The Eastland Court of Appeals has sent a lawsuit back to a Scurry County district court that denied a taxpayer’s motion to dismiss an appeal by Scurry County taxing units of an ARB decision denying reappraisal of certain property over a five-year period. The taxpayer moved to dismiss the lawsuit under the Texas Citizens Participation Act (“TCPA) on the basis that the taxing units’ claims were based on or related to the taxpayer’s exercise of its right to petition and right of free speech and that the units could not establish by clear and specific evidence a prima facie case for each essential element of their claims.

The case, Kinder Morgan SACROC, LP v. Scurry County, et al. (No. 11-21-00205-CV) has a lengthy procedural history. It has already traveled up to the Texas Supreme Court once, which reversed the trial court and court of appeals’ ruling that Kinder’s TCPA motion was untimely. See Kinder Morgan SACROC, LP v. Scurry Cty., 622 S.W.3d 835, 851 (Tex. 2021). On remand to the trial court, the taxing units filed an amended petition alleging that Kinder “purposefully provided fraudulent, inaccurate, and false information” to the appraisal district in order to avoid taxation. The trial court once again dismissed Kinder’s TCPA motion, and Kinder took filed an interlocutory appeal.

On appeal, the taxing units first argued that the TCPA does not apply to “the pervasive regulatory scheme set out in the Tax Code.” The court of appeals quickly disposed of this argument, stating that the scheme pre-existed the TCPA, and if the Legislature had intended to exempt actions thereunder, it would have done so. Second, the taxing units contended that their claims based on Kinder’s “allegedly fraudulent misrepresentation, alleged fraud by nondisclosure, and alleged unlawful conduct do not fall within the TCPA.” The court of appeals held that Kinder had shown that its communications with the appraisal district constituted the exercise of the right to petition “because they were made in connection with an issue under consideration or review by a governmental body” under the TCPA (§27.001(4)(B), CPRC). Noting the breadth of the term “in connection with,” the court of appeals had no trouble in finding that the taxing units’ legal action “had more than a tangential, tenuous, or remote relationship with an issue, the value of Kinder Morgan’s mineral interests in Scurry County, that was under consideration by the Appraisal District for purposes of imposing ad valorem taxes.” Thus, the court held that Kinder met its burden of showing that the taxing units’ claims were “factually predicated on the alleged conduct that falls within the scope of [the] TCPA’s definition of ‘exercise or right of free speech,’ pertition, or association.”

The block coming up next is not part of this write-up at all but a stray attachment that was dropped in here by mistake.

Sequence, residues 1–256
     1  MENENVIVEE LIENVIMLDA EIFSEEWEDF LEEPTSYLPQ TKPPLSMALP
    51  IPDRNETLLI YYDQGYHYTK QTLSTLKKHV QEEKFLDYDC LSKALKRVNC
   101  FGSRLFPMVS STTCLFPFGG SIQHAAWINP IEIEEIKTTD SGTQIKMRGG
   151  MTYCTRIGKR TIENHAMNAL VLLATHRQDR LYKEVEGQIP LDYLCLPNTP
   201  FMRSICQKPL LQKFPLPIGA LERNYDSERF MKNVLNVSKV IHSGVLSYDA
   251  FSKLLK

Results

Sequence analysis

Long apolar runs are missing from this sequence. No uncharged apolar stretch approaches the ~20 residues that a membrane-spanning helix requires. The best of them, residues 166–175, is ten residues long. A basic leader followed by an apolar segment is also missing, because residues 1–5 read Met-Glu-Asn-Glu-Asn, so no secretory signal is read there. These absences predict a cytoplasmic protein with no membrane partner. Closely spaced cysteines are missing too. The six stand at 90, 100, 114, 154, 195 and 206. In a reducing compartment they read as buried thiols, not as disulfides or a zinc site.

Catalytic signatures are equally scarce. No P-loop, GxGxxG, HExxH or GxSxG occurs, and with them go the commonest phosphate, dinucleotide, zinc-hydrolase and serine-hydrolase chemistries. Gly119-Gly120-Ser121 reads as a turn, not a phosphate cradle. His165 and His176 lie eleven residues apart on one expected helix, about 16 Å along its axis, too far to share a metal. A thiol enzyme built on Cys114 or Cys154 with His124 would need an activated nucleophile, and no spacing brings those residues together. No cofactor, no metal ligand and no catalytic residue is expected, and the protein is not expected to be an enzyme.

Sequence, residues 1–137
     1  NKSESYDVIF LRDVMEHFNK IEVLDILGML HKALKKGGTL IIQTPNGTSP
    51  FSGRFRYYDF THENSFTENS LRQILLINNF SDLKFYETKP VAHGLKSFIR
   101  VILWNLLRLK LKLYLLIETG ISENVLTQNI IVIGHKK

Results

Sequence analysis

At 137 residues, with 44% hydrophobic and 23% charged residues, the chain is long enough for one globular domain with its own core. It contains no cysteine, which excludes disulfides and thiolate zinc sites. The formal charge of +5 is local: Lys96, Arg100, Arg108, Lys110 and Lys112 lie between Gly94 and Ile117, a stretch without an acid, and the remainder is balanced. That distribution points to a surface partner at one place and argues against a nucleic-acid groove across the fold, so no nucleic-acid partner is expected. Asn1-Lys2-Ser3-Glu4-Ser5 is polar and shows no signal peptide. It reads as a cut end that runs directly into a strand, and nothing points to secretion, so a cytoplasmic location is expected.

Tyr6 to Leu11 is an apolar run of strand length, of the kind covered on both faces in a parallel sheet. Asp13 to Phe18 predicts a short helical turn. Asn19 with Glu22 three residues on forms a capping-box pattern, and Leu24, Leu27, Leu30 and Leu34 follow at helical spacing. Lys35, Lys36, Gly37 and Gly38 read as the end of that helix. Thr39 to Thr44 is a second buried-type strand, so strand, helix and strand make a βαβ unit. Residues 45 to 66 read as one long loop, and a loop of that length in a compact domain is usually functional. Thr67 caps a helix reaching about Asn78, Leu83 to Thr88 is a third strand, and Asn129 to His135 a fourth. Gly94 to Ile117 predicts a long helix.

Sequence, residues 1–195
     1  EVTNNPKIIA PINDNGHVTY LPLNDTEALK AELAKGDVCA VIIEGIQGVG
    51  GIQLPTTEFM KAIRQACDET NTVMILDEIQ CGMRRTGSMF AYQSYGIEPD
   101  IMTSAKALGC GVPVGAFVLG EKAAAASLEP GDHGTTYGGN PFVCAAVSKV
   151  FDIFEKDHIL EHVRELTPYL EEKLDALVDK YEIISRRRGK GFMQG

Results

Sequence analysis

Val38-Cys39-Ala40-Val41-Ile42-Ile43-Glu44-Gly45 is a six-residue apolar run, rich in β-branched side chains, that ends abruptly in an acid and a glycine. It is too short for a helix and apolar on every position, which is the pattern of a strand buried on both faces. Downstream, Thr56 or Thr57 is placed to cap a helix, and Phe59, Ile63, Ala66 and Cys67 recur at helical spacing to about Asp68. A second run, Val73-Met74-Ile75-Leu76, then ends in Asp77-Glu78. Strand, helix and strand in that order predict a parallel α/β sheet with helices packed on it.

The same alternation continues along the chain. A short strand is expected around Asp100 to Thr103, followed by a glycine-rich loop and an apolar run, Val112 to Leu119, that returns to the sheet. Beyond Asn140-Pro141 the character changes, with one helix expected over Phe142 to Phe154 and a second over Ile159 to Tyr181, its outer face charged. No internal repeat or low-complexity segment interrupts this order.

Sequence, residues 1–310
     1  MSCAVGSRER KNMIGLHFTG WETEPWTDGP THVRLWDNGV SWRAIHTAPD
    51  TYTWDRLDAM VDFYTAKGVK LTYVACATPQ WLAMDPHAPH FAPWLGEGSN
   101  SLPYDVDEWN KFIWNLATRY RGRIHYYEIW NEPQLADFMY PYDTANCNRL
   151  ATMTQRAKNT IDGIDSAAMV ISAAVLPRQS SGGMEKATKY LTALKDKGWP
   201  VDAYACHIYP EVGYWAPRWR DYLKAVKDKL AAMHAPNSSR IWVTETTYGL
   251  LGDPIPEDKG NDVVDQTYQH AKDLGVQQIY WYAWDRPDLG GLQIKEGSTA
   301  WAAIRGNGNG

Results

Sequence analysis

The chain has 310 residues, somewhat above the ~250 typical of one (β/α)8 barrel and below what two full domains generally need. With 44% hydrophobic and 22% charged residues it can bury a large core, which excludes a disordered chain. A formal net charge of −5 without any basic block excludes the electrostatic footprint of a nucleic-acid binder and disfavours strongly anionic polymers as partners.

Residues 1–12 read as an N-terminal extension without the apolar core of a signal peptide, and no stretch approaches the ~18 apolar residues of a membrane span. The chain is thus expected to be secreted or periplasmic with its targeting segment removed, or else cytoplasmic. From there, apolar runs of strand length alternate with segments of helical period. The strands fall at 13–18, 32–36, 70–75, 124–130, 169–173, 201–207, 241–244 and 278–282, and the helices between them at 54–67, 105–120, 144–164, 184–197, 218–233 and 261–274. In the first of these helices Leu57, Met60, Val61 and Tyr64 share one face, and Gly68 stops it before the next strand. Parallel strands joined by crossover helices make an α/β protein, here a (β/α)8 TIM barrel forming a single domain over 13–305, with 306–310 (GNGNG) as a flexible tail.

In response to the taxing units’ contention that Kinder’s alleged fraud rendered the appraisal process void ab initio, including any rights under the TCPA, and that any claims based on the nondisclosure of information did not fall within the TCPA’s requirement of “communication,” the court of appeals observed that the TCPA “does not involve consideration of whether a movant’s communications were false or fraudulent,” just that such communications occurred. If they do, then the burden shifts to the nonmovants to establish by clear and specific evidence a prima facie case for each element of their claim. And although the TCPA ordinarily does not apply to conduct or an alleged failure to disclose or communicate, the application of the TCPA in this case hinges on communications that Kinder did make to the appraisal district, whether incomplete or not. It should be noted that the court of appeals interpreted the statute as it existed prior to the 2019 amendments, which narrowed the nexus requirement between the legal action and the right to speech, petition, or association, by removing the expansive phrase “relates to” (leaving in “based on” or “in response to”). It referred to this “related to” language removed from the statute in 2019 to justify its holding on the failure to disclose part of the taxing units’ claim, but in our view even the narrower nexus standard would likely be met here.

The court of appeals remanded the case to the trial court for further proceedings, which will require the taxing units to produce clear and specific evidence on each essential element of their claims. If they do that, the burden shifts back to Kinder to establish an affirmative defense or other grounds on which the moving party is entitled to judgment as a matter of law. If Kinder ultimately prevails on its TCPA motion to dismiss, it will become entitled to court costs and reasonable attorney’s fees (which, in view of the fact that the case has already been to the court of appeals twice and SCOTX once, should be considerable).

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